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When it snows

Discussion in 'Professional Discussions' started by mitchgo, Feb 8, 2019.

  1. mitchgo

    mitchgo LawnSite Gold Member
    Messages: 3,469

    I'm curious what you guys do when it snows, or for some of you guys that have long periods of cold weather and snow on the ground.

    Do you work through it anyway on installs? Service work? So far I have just put everything on hold.

    In the greater Seattle area.. We have many many hills , so if there is snow on the road it's basically out of the question as most residential roads don't get plowed/ salted/ sanded . If the roads are clear then it might be manageable.

    Last week we were hit with 4-10" of snow with highs not breaking freezing, so it hasn't really melted. I had 3 installs lined up that I was overseeing with the crews that all have been postponed. Now , we are going to be hit with another 4-8" of snow . So now next week will more then likely be pushed back too

    I can see working in 1-2" of snow and not really being a big deal, just raking it out to dig. But more then that , I'm not making the guys work in higher depth.

    I sent a email to all our techs to not just assume you aren't working without prior notification first :)
     
    Russell MiniTrencher and hort101 like this.
  2. hackitdown

    hackitdown LawnSite Silver Member
    Messages: 2,791

    Everything stops here around December 1. The ground usually freezes, so digging is not an option. The suppliers switch over from mulch and stone to sand and salt.

    As far as billable work goes, we wait for snow to plow, or ice to sand.
     
    hort101 likes this.
  3. Wet_Boots

    Wet_Boots LawnSite Fanatic
    Messages: 52,399

    Snow isn't a complete installation interruption, when it's an out-of-prime-season snowfall, with the ground still unfrozen. Plowed poly is easy to find once the snow is swept aside. Waterproof rain/snow pants are a good add-on for kneeling on snowy ground.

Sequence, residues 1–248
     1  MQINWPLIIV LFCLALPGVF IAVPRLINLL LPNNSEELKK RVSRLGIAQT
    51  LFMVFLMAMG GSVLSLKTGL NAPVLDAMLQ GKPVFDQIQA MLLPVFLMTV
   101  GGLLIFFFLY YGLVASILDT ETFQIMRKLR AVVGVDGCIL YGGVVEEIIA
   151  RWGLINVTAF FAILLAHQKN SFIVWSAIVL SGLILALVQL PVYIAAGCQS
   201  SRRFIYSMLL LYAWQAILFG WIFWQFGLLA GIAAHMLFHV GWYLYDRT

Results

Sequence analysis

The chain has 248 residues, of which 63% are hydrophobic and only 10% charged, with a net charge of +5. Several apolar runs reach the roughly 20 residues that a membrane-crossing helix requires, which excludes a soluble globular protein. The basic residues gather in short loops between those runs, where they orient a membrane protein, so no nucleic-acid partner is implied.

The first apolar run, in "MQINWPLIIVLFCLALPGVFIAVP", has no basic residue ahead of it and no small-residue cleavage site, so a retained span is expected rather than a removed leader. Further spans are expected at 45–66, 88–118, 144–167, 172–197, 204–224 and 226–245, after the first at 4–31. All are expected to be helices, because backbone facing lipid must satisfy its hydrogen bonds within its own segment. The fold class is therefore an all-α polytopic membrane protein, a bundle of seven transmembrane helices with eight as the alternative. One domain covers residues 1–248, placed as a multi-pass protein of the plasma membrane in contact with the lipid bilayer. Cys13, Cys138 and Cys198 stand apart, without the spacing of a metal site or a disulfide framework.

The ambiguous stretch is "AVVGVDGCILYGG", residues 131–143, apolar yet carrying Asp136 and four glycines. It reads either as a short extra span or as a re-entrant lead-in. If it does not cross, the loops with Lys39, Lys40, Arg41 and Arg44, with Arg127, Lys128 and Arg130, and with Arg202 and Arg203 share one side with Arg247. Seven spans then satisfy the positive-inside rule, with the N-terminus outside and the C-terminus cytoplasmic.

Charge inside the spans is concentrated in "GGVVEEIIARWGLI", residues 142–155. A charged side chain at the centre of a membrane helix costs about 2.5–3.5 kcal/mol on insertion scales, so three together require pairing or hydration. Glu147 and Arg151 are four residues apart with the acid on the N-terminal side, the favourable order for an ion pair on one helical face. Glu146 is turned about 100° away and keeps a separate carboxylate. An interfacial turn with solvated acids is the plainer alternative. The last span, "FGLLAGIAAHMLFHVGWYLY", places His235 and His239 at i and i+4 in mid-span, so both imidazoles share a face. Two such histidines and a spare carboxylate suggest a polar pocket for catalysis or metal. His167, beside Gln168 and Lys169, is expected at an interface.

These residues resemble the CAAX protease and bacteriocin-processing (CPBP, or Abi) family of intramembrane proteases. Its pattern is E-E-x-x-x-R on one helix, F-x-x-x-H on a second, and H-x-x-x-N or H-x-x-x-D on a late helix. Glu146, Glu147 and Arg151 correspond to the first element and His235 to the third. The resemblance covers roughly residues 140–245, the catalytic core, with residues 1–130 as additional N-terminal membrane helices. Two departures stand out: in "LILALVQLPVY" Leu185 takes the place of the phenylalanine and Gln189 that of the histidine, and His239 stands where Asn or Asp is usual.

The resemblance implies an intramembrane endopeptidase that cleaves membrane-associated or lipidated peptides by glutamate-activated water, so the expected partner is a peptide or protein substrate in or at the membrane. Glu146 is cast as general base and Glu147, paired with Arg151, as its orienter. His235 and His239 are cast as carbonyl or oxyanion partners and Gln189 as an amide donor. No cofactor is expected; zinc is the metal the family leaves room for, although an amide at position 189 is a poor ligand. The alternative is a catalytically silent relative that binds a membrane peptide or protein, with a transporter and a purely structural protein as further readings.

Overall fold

Russell MiniTrencher and hort101 like this.
  4. greenmonster304

    greenmonster304 LawnSite Platinum Member
    Messages: 4,050

    Ha! Working in the snow...this guy has jokes.
     
    hort101 and mitchgo like this.
  5. frumdig

    frumdig LawnSite Senior Member
    from nunya
    Messages: 269

    Frozen ground makes muddy jobsites workable around here. LoL

    Also, Guy I use to work for had us laying sod on top of 2-3" snow we had the night before.
     
    hort101 and mitchgo like this.
  6. greenmonster304

    greenmonster304 LawnSite Platinum Member
    Messages: 4,050

    That’s just f_cking stupid
     
    hort101 likes this.
  7. OP
    OP
    mitchgo

    mitchgo LawnSite Gold Member
    Messages: 3,469

    It's the greenest lawn in the neighborhood!
     
    Russell MiniTrencher and frumdig like this.
  8. Andrew H

    Andrew H LawnSite Silver Member
    Messages: 2,401

    Love winter! If I could be make enough money In the winter to do only snow and ice operations I would.
    It is very profitable for us but it can be a headache sometimes.
    We plow, we salt, we post on plowsite...
     
    hort101 likes this.
  9. frumdig

    frumdig LawnSite Senior Member
    from nunya
    Messages: 269

    We try to fill in with service repairs noticed at shutdown, and installs. But it's so hard to get in touch with people to get work done this time of year. We tell them at shut down, and attempt to contact for scheduling in January, but it's apparently not on anyone's mind. And then when you do get a hold of people they think were crazy trying to work in this 'weather'. And the weather is generally pretty mild... if its below freezing and cloudy, probably gonna stay home... 32 and up with sun shine, well be out working.

    Edit:
    And all the landscape projects are dragging their feet, so come startup season everything is ready for us and were covered up and questioning our sanity
     
    hort101 likes this.
  10. Mac-s Lawn & Snow

    Mac-s Lawn & Snow LawnSite Member
    Messages: 133

    For the last 15 years my only job in the winter has been snow removal. Before that I would work at a gas/service station in the winter doing muffler shock and brake work It seems most every one I know in this kind of business has a second job in the winter. I now make sure I make enough money in the summer and set up my snow removal with enough people that pay by the season upfront so that I can cover my overhead if it doesn't snow.
     
    mitchgo and hort101 like this.

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